Dr. Bettger received her BA from the University of Western Ontario, Canada and her MS from the University of Wisconsin–LaCrosse where she studied community reintegration for stroke and brain-injured patients transitioning from hospital to home. Her doctoral training in Rehabilitation Sciences, completed at Boston University, concluded with an investigation of patterns of functional recovery and factors affecting outcomes in patients transitioning home following acute rehabilitation. While working on her doctorate, she also worked in state government as the director of the Paul Coverdell National Acute Stroke Registry. Dr. Bettger completed post-doctoral training at the University of Pennsylvania with a NIH NRSA research fellowship in neurorehabilitation, a research fellowship at the NewCourtland Center for Transitions and Health, and a Switzer Fellowship funded by the National Institute on Disability and Rehabilitation Research to study the role of the environment on functional outcomes. She completed additional research training at Duke as a mentored scholar in comparative effectiveness research funded by AHRQ. As of July 2022, she is an Adjunct Associate Professor for Duke's Department of Orthopaedics and has transitioned out of her role as Co-Director of the Duke Clinical and Translational Institute (CTSA) Pilots Accelerator Core working with NCCU. She is affiliate faculty with Duke's Science and Society, Duke-Margolis Center for Health Policy, the Duke Clinical Research Institute (DCRI) and Duke Global Health Institute (DGHI), is a Senior Fellow of the Duke Center for the Study of Aging and Human Development, and is a Fellow of the American Heart Association. 

Laskowitz

Daniel Todd Laskowitz

Professor of Neurology

Our laboratory uses molecular biology, cell culture, and animal modeling techniques to examine the CNS response to acute injury. In particular, our laboratory examines the role of microglial activation and the endogenous CNS inflammatory response in exacerbating secondary injury following acute brain insult. Much of the in vitro work in this laboratory is dedicated to elucidating cellular responses to injury with the ultimate goal of exploring new therapeutic interventions in the clinical setting of stroke, intracranial hemorrhage, and closed head injury.

In conjunction with the Multidisciplinary Neuroprotection Laboratories, we also focus on clinically relevant small animal models of acute CNS injury. For example, we have recently characterized murine models of closed head injury, subarachnoid hemorrhage, intracranial hemorrhage and perinatal hypoxia-ischemia, in addition to the standard rodent models of focal stroke and transient forebrain ischemia. Recently we have adapted several of these models from the rat to the mouse to take advantage of murine transgenic technology. The objective of these studies are two-fold: to gain better insight into the cellular responses and pathophysiology of acute brain injury, and to test novel therapeutic strategies for clinical translation. In both cell culture systems and animal models, our primary focus is on examining the role of oxidative stress and inflammatory mechanism in mediating brain injury following acute brain insult, and examining the neuroprotective effects of endogenous apolipoprotein E in the injured mammalian central nervous system.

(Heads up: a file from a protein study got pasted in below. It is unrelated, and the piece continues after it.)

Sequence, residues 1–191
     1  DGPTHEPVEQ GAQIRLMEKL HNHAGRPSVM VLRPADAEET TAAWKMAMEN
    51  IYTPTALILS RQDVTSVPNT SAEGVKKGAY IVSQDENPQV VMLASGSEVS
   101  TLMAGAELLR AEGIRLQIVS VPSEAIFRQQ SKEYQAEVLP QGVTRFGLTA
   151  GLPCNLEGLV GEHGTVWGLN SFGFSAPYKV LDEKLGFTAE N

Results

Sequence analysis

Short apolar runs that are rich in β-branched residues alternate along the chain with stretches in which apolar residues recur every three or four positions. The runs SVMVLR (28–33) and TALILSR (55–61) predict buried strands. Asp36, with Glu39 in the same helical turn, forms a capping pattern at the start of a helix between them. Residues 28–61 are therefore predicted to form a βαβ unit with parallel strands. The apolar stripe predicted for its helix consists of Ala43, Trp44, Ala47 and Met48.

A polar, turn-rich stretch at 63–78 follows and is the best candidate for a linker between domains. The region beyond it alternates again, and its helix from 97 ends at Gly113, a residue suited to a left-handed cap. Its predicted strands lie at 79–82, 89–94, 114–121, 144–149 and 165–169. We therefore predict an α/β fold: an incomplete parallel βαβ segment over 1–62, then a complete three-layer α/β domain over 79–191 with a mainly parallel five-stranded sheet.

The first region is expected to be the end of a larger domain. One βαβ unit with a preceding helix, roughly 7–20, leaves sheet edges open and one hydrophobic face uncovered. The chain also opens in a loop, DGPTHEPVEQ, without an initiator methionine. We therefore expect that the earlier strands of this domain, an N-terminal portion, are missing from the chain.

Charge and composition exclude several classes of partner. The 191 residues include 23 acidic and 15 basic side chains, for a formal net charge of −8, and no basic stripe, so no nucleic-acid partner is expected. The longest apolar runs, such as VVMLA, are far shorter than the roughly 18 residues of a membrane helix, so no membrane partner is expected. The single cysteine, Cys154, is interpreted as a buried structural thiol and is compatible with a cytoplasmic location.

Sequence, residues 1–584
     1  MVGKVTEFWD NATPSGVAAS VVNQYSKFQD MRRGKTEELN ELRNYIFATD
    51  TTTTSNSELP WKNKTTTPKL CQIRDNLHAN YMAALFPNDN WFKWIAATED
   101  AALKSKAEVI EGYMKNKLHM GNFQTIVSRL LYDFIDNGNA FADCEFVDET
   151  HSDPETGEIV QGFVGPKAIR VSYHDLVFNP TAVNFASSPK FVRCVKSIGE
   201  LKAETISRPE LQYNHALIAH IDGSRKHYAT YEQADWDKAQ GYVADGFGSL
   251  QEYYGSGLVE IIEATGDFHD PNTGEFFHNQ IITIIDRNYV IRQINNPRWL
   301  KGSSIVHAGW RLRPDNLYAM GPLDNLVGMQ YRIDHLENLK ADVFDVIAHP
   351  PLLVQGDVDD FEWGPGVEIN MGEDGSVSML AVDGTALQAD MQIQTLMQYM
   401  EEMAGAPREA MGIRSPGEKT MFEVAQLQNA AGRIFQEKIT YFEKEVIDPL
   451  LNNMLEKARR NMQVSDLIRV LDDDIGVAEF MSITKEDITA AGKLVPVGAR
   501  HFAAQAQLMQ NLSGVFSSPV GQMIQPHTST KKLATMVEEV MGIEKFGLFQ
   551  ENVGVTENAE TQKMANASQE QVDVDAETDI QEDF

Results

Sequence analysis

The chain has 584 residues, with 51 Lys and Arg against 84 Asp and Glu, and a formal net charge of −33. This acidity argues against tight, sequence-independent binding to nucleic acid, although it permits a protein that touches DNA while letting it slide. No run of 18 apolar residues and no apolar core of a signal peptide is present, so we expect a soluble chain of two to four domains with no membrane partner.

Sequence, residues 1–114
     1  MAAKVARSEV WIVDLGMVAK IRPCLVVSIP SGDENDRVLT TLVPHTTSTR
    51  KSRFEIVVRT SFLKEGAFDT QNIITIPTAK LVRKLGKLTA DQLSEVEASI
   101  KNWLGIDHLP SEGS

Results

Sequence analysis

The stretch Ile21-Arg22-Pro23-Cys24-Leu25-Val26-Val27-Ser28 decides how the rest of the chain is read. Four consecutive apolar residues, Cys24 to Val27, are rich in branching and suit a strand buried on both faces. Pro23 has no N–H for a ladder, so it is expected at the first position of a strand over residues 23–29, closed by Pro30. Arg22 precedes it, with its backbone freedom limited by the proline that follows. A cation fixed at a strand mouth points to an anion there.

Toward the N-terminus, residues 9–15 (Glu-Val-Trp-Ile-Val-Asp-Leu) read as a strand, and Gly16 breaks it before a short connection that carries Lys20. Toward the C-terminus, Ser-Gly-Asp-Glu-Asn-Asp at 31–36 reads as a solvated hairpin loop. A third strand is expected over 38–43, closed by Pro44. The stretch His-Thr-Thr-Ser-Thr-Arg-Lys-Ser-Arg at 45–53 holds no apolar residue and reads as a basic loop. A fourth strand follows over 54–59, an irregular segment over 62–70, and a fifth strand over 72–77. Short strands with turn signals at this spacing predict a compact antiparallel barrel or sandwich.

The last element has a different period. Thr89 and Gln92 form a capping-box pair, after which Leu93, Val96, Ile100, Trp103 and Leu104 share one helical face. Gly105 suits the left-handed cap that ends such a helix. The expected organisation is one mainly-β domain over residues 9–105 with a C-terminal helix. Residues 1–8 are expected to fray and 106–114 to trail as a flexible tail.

Our laboratory is committed to translational research, and has several active clinical research protocols, which are designed to bring the research performed in the Multidisciplinary Research Laboratories to the clinical arena. These protocols are centered around patients following stroke and acute brain injury, and are primarily based out of the Emergency Room and Neurocritical Care Unit. For example, we are currently examining the role of inflammatory mediators for use as a point-of-care diagnostic marker following stroke, intracranial hemorrhage, and closed head injury. We have recently translated a novel apoE mimetic from the preclinical setting to a multi center Phase 2 trial evaluating efficacy in intracranial hemorrhage. We are also examining the functional role of different polymorphisms of of inflammatory cytokines in the setting of acute brain injury and neurological dysfunction following cardiopulmonary bypass.